I recently read a statistic saying that 85% of emails sent in 2023 were spam. That seems like a lot, but I know I get a lot of spam in my email.
Google and Yahoo know that, too. You may have received messages from your Email Service Provider (ESP) - like Mailchimp, MailerLite, GetResponse, or whatever you use to send your newsletters and marketing emails, letting you know there are new authentication requirements and telling you to take action.
TLDR: If you want people with Gmail or Yahoo email addresses (and probably Microsoft and others) to receive your emails, you must send from a domain you own and have properly authenticated.
So what is this email authentication fuss all about?
Google and Yahoo (and Microsoft will probably officially follow suit, although I think they have quietly done some of this already) are adopting some stricter measures on what emails will be allowed in the inbox. Any emails that don't meet the requirements will likely go to spam, or possibly be rejected completely.
Emails will have to be fully authenticated, meaning you must have SPF, DKIM, and DMARC records set up in your domain. That's a lot of alphabet soup, but basically these are DNS records that need to be set up.
What do you mean by SPF, DKIM, and DMARC?
- SPF (Sender Policy Framework) is the servers that are allowed to send email using your domain name - such as your website, ESP, maybe your invoicing system.
- DKIM (Domain Keys Identified Mail) is like a signature for your emails, saying they really came from you and haven't been tampered with.
- DMARC (Domain-based Message Authentication Reporting & Conformance) is like a policy that tells an email provider (e.g. Gmail) that if an email arrives saying it's from you, but doesn't match the SPF and DKIM information, here's what to do with that email.
AND, an important thing to know - if you are using a Gmail or another "free" email address to send emails through your ESP, you won't be able to do that any longer. You can't authenticate gmail.com or yahoo.com or yourISP.com, since you don't own those domains. You'll need to set up your ESP to use an email from a domain YOU OWN and authenticate that domain.
There are a number of other rules that will be put in place as well. Some items you can't do anything about, such as implementing one-click unsubscribe in email headers (this is different than the unsubscribe link IN the email) and ensuring emails are formatted in Internet Message Format Standard; we all have to depend on our ESPs to do that (and I'm sure it'll start to be noticed which ones don't).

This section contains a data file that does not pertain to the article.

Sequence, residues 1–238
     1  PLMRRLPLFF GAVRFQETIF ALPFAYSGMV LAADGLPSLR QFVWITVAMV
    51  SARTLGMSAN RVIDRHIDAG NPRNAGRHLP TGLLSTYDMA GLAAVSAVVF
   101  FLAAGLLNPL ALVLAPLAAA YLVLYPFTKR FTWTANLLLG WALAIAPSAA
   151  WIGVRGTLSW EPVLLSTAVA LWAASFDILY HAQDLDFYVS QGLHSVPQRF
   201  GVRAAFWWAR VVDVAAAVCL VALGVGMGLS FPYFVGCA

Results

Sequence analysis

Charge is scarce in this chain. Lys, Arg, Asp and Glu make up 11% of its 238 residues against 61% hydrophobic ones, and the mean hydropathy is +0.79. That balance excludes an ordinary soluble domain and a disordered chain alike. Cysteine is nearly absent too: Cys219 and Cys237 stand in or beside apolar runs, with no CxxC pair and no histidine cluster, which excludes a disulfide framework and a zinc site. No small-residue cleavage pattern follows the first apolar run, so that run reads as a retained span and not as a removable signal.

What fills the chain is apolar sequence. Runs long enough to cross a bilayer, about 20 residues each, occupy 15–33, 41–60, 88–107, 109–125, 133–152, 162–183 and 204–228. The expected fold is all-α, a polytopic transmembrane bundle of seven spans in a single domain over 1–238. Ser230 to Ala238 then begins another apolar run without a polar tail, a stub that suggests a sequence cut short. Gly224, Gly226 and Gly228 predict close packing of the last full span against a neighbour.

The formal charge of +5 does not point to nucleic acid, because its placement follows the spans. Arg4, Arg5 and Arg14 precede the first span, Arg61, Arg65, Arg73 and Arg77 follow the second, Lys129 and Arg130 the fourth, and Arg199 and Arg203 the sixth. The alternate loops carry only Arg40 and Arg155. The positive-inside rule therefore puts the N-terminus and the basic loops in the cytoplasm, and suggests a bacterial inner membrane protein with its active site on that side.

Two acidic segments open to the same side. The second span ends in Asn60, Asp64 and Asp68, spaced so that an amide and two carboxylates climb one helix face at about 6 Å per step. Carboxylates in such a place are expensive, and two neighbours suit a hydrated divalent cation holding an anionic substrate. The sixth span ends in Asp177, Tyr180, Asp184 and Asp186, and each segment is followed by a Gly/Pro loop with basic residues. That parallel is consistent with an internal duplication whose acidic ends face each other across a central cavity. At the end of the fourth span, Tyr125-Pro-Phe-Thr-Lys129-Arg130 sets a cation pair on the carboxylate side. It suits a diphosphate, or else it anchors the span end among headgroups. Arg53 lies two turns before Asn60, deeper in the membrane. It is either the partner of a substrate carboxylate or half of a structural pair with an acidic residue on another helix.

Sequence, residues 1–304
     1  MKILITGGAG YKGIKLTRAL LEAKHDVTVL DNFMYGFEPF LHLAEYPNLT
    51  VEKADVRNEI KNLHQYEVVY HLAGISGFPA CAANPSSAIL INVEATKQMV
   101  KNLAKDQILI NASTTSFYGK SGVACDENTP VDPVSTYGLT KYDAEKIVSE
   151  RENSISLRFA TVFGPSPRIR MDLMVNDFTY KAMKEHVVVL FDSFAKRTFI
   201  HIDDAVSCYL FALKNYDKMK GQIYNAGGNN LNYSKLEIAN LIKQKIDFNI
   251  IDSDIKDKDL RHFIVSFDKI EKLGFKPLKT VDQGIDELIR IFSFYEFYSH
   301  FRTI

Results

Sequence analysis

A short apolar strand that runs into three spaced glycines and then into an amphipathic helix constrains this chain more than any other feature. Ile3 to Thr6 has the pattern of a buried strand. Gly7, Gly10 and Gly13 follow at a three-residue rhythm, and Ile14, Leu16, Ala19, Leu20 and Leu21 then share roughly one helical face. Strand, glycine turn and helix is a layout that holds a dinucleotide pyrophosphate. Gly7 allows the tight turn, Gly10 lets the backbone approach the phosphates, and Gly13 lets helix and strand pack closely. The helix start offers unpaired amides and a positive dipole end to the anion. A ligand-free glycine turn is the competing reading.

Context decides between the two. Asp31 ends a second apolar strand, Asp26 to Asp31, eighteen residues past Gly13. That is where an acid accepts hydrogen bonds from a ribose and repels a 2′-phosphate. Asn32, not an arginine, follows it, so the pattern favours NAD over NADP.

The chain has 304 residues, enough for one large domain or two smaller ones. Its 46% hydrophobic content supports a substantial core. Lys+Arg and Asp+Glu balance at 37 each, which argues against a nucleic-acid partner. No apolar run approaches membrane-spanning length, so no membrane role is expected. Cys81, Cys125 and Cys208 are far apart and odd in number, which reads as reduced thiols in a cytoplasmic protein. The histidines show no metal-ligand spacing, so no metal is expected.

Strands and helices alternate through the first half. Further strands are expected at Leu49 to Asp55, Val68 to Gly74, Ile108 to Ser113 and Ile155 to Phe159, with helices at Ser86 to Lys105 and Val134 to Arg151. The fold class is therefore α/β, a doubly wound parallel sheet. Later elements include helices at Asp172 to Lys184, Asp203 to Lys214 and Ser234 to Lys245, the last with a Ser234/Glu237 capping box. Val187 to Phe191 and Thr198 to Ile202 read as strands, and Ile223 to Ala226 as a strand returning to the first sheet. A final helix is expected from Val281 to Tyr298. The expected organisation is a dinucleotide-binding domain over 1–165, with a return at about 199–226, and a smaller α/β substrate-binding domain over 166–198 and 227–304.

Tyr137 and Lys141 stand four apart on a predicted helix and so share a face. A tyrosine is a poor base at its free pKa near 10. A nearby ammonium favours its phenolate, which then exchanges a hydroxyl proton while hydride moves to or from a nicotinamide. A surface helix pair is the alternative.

But using your own domain, having it properly authenticated, and keeping the spam rate below 0.3% - that's all on us.
Some of the stricter requirements are only for those who send 5,000+ messages to Gmail addresses, but the authentication requirements have been best practices for years. Using your own domain and having at least SPF or DKIM set up is going to be required for anyone who sends to Gmail addresses (yeah, just about everyone!)
When will this happen?
Enforcing these email best practices will be good for us all, but I know it can be a little painful to get there. If you don't want to figure this out yourself, I'm offering a service to do the techie part for you. I'll work with you to figure out your authorized senders, and then I'll take care of setting up all the records - I'll even monitor DMARC reports for you for the first 30 days.
This is important for anyone who uses email to communicate with customers, but it's crucial for those who use email marketing. If you have colleagues who need this information or would be interested in this service, please feel free to forward this email.
With Google starting implementation as early as 1 Feb, I can't wait until Valentine's Day to sweeten the deal, so I'm offering a coupon code for $50 off the setup service. When booking the Email Authentication Setup service, put mp42emailauth when asked if you have a promotional code, and you'll get $50 off until 31 Jan 2024.